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Variations in Bill Morphology

  • Flamingos use a series of projections, or lamellae, to filter tiny food items from debris in the water.
  • Swifts are aerial insectivores & use their wide gape to help capture flying insects.
  • Eagles (and hawks) are diurnal raptors & use their hook-like bills to tear apart large prey.
  • Shovelers use their spatula-shaped bills to filter food from mud & water.
  • Crossbills use their ‘crossed-bill’ to extract seeds from pine cones.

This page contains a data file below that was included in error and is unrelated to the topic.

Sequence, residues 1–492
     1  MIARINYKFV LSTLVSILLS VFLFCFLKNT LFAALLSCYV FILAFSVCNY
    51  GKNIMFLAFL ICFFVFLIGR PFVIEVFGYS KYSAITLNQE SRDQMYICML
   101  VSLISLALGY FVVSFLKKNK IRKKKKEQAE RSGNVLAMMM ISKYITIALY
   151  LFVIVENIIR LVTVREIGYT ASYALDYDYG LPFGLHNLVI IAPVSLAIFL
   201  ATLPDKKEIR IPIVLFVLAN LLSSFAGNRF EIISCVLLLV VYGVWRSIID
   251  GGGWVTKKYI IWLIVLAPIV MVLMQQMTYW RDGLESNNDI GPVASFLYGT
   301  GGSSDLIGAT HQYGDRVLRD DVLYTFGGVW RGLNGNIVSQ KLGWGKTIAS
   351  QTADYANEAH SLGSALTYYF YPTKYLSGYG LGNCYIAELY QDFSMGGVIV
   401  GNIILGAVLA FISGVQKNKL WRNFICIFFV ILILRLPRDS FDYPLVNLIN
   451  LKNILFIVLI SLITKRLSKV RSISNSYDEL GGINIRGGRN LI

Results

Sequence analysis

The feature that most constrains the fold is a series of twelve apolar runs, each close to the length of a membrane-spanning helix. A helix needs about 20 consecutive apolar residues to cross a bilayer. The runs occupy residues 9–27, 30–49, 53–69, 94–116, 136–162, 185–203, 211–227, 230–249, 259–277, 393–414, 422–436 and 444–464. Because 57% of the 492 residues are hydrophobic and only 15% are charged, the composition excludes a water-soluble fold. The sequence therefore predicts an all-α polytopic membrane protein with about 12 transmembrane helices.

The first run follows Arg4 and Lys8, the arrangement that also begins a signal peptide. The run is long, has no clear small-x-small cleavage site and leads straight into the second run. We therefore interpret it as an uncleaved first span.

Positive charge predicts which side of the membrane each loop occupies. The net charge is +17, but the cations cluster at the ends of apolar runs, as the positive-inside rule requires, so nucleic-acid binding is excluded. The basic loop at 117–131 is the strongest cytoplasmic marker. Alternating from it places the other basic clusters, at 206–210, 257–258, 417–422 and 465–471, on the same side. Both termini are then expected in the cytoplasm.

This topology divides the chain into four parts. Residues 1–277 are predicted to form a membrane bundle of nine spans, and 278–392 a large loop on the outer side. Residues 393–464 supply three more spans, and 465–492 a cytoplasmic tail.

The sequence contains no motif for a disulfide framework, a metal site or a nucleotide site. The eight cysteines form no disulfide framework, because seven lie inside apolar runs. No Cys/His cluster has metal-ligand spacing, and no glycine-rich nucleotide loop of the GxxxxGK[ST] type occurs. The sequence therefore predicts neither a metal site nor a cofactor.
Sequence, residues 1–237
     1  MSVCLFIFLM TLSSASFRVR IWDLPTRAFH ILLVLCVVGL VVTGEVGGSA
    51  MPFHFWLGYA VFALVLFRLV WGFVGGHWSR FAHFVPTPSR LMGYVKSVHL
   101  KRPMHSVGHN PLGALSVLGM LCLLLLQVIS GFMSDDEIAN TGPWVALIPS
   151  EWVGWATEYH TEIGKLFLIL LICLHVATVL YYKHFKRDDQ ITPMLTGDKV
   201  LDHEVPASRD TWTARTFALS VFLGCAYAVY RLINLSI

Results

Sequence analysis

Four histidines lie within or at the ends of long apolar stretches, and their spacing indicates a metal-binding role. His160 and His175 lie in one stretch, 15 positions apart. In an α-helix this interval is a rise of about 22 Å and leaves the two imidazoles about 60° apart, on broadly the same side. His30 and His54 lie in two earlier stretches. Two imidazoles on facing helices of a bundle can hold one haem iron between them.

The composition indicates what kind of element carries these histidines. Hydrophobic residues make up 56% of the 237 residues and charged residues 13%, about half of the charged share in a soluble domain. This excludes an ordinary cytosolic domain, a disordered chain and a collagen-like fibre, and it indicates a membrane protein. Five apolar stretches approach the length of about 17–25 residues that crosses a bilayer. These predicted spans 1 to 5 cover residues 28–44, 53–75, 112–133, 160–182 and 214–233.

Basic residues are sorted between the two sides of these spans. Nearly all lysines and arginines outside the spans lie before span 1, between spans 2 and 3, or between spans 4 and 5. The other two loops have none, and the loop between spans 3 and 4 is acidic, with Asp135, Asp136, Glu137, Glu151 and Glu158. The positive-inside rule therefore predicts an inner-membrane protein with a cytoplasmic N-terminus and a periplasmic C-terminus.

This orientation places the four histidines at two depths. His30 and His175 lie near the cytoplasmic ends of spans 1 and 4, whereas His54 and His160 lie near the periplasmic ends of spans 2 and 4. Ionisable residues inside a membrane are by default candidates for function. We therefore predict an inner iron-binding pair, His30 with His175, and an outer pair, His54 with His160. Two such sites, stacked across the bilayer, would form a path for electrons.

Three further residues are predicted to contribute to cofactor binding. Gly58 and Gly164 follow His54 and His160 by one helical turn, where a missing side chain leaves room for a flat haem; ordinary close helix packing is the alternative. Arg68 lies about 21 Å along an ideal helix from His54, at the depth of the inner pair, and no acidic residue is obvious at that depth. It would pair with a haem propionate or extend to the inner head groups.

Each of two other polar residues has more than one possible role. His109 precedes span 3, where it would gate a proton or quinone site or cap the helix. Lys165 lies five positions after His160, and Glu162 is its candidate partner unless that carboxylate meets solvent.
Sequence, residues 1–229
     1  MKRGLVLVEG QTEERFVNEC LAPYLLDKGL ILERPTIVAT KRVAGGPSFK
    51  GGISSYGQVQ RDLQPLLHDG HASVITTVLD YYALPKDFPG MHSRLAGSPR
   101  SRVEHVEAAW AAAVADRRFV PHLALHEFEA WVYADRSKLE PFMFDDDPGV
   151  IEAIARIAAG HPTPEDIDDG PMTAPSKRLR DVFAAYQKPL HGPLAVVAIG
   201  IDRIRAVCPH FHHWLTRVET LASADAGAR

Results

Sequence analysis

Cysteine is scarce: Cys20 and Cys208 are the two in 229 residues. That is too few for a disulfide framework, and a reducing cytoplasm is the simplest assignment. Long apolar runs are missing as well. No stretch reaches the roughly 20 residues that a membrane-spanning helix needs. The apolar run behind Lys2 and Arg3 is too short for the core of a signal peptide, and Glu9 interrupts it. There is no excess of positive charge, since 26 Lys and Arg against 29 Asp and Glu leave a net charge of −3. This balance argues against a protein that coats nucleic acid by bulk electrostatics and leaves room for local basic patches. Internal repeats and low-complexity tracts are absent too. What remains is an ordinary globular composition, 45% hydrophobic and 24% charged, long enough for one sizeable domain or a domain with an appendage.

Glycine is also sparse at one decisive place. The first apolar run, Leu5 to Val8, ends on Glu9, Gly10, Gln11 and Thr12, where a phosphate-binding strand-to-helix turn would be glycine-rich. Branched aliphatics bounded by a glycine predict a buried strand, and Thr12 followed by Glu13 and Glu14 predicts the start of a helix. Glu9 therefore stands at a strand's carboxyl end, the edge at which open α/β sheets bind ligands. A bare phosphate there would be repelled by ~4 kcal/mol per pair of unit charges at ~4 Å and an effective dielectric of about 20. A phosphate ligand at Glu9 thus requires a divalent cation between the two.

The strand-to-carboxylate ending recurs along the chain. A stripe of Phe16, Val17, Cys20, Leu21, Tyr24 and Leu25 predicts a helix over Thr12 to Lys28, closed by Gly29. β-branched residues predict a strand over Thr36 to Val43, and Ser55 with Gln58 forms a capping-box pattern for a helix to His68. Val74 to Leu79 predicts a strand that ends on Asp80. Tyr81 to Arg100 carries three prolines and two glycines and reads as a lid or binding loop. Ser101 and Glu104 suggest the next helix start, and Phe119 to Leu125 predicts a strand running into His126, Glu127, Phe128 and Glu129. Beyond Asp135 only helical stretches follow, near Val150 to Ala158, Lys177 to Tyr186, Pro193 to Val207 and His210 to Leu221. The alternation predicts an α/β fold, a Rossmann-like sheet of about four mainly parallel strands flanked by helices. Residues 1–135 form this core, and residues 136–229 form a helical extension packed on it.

• Herons use their bills to capture small fish and amphibians.
  • Avocets sweep their long up-curved bills from side-to-side through the water to capture small invertebrates (or use it like a forceps to pick up prey).
  • Woodpeckers use their chisel-like bills to chop away wood & expose insects and insect larvae.
  • Wrens use their thin, probing bill to capture small insects.
  • Curlews use their long bill to probe mudflats for small invertebrates.
  • Hawfinches are seed-eaters & use their bills to crack open large, hard seeds.
  • Macaws use their strong hook-like bills to feed on nuts.
  • Mallards & other waterfowl use their bills to filter small invertebrates from mud and water.
  • Skimmers use their elongated lower mandible to skim the surface of the water & capture small fish and invertebrates.